Nine years after it was swallowed up in a German buyout, the former Chrysler Corp. will once again get a chance to prove it can succeed as an independent automaker.
The announcement Monday that private equity giant Cerberus Capital Management is buying Chrysler for $7.4 billion marks the beginning of another grand experiment in the global automotive industry.
Where Chrysler struggled as a division of DaimlerChrysler, the smallest of Detroit's Big Three automakers will now forge ahead as a private company backed by one of Wall Street's most aggressive investment firms.
But even as the dust settles on the historic breakup of DaimlerChrysler, the future prospects for Cerberus-owned Chrysler are hardly clear.
"What Chrysler needs now is focus and capital, and they'll have both," said Harley Shaiken, a veteran labor professor at the University of California-Berkeley. "But the real test is yet to come."
As it has many times before in its 82-year history, Chrysler once again riveted the automotive world, this time with the formal announcement of its divorce from its German partner.
After assessing three bids for Chrysler over the past 90 days, DaimlerChrysler picked Cerberus over competing offers from Canadian auto supplier Magna International and a powerhouse private equity team of the Blackstone Group and Centerbridge Partners.
The decision to choose Cerberus was made over the past two weeks when DaimlerChrysler entered into exclusive negotiations with the New York-based firm.
But the deal wasn't finalized until this past Saturday, when DaimlerChrysler CEO Dieter Zetsche and Chrysler Chief Executive Tom LaSorda met in Germany with Ron Gettelfinger, president of the United Auto Workers.
After accepting that the sale of Chrysler was a foregone conclusion, Gettelfinger gave the UAW's endorsement to the deal, which calls for Cerberus to own 80.1 percent of Chrysler and DaimlerChrysler to retain a 19.9 percent stake.
Auto analysts had expected the UAW to oppose a takeover of Chrysler by private investors.
But Gettelfinger said Monday that he never considered fighting the deal once DaimlerChrysler was committed to selling.
"Once that decision has been made, you have to deal with the cards that were dealt," Gettelfinger said, adding that he was given unspecified "commitments" by Zetsche and LaSorda about the future of its unionized labor force.
Chrysler is already in the midst of a major restructuring that includes buying out 11,000 of its 50,000 blue-collar workers in the United States and Canada. Another 2,000 white-collar jobs also are being cut.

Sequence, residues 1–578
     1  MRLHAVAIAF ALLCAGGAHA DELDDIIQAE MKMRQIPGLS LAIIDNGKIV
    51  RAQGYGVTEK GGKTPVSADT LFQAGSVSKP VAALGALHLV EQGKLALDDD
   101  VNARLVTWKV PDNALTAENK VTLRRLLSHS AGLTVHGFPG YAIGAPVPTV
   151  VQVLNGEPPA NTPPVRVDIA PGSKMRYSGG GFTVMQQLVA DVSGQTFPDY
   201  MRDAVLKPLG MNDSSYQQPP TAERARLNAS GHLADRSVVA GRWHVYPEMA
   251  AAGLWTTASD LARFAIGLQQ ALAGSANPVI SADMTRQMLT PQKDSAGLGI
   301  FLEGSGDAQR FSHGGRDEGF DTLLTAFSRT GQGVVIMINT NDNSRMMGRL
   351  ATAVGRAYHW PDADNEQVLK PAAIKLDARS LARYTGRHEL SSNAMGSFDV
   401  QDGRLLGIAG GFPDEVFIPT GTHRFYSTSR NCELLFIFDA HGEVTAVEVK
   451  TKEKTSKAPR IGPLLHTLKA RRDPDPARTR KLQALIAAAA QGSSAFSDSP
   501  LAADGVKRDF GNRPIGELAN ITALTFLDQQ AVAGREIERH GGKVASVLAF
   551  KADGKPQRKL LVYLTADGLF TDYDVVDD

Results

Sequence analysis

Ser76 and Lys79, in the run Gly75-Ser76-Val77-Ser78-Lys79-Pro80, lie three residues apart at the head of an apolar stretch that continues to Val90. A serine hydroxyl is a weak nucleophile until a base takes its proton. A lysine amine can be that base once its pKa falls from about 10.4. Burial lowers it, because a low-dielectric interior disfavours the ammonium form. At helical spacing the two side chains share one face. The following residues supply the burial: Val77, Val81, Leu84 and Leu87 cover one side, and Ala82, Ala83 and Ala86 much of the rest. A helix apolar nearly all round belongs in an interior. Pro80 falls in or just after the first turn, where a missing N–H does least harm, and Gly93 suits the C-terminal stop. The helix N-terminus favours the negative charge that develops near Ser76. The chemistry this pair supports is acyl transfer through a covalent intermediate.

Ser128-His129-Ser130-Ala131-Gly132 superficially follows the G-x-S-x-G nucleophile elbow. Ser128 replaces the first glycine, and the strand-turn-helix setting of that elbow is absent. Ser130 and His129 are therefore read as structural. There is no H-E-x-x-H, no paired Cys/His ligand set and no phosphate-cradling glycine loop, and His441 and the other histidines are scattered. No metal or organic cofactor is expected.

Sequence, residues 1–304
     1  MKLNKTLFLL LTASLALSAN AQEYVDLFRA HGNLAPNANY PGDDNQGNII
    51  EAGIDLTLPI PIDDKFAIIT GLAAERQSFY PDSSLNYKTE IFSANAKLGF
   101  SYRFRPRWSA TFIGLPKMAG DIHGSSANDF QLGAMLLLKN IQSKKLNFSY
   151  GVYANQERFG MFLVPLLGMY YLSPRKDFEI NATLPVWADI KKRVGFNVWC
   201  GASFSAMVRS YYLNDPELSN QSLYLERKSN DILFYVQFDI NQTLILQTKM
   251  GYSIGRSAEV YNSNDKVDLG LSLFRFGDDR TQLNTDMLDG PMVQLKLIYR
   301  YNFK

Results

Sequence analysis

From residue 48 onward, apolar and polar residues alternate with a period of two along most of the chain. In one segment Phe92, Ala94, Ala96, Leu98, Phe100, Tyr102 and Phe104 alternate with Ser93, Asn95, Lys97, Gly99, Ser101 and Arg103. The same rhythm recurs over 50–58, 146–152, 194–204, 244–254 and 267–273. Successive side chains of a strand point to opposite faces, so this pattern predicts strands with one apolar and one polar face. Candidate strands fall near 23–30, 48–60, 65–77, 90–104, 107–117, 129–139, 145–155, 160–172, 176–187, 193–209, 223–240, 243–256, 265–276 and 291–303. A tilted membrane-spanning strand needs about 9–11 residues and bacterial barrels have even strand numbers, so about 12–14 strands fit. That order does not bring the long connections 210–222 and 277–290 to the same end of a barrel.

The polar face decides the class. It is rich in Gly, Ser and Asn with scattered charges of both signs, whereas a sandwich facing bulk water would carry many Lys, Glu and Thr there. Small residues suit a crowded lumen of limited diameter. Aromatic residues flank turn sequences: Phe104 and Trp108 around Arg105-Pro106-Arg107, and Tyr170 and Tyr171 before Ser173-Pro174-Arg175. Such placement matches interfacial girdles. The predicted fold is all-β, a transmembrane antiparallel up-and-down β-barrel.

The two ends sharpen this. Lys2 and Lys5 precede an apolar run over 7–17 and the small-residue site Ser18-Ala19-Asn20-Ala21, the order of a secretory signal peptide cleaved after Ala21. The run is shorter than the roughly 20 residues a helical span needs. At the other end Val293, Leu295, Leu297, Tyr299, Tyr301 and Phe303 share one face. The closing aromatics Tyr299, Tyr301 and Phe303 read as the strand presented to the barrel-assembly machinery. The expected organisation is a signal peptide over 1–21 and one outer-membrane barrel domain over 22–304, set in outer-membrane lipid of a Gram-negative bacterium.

Gettelfinger and Stephen Feinberg, Cerberus' chief executive officer, will meet today.
Founded in 1992, Cerberus specializes in buying distressed companies, reorganizing operations, and either selling them or taking them public.
But buying Chrysler, which is losing share in its core U.S. market, constitutes a risky bet for any private equity firm.
DaimlerChrysler, which plans to change its name to Daimler AG, receives the balance of the cash. But the German automaker will ultimately end up paying out $650 million in the overall transaction.
It's a far cry from the heady days of the 1998 merger of Daimler-Benz and Chrysler in a stock swap valued at $36 billion at the time.
At Monday's announcement, Zetsche said the deal was a necessary step for both the health of Chrysler and its former parent corporation.
Analysts said the critical component of the deal was the agreement that the new Chrysler, called Chrysler Holding, would assume all of the estimated $19 billion in health-care obligations owed to UAW workers and retirees.
People close to the sale process said DaimlerChrysler's German management was determined to shed its health care commitments to American workers.
How Chrysler funds those health care costs is now the responsibility of Cerberus. The company's chairman, former U.S. Treasury Secretary John Snow, said he looked forward to tackling that and other tough issues in the months ahead.
Little is known of Cerberus' internal plans for Chrysler, but the firm appears to stand solidly behind LaSorda and his Chrysler management team for now.
"We believe in Mr. LaSorda's plans," Snow said. "We want to support those plans going forward."
Chrysler lost $1.5 billion — before accounting changes — on more than $60 billion in revenue last year, and also ceded its spot as the third-biggest seller of vehicles in the U.S. to Japanese rival Toyota.
The automaker's current recovery plan includes shifting production to more popular, fuel-efficient vehicles and increasing Chrysler sales in international markets.
LaSorda said Cerberus is "the right strategic buyer."
The Cerberus buyout is expected to be concluded by this fall. Once Chrysler goes private, it will no longer be required to reveal its sales, earnings and other financial benchmarks in government filings.
Instead, Chrysler can reorganize its operations and revamp its product lines under far less scrutiny than publicly traded rivals such as GM and Ford Motor Co.
While LaSorda will still run day-to-day operations at Chrysler headquarters in Auburn Hills, Mich., he will be assisted by a blue-chip team of automotive advisers hired by Cerberus.
Chief among those advisers will be Wolfgang Bernhard, the former chief operating officer of Chrysler and an instrumental figure in its last corporate comeback.
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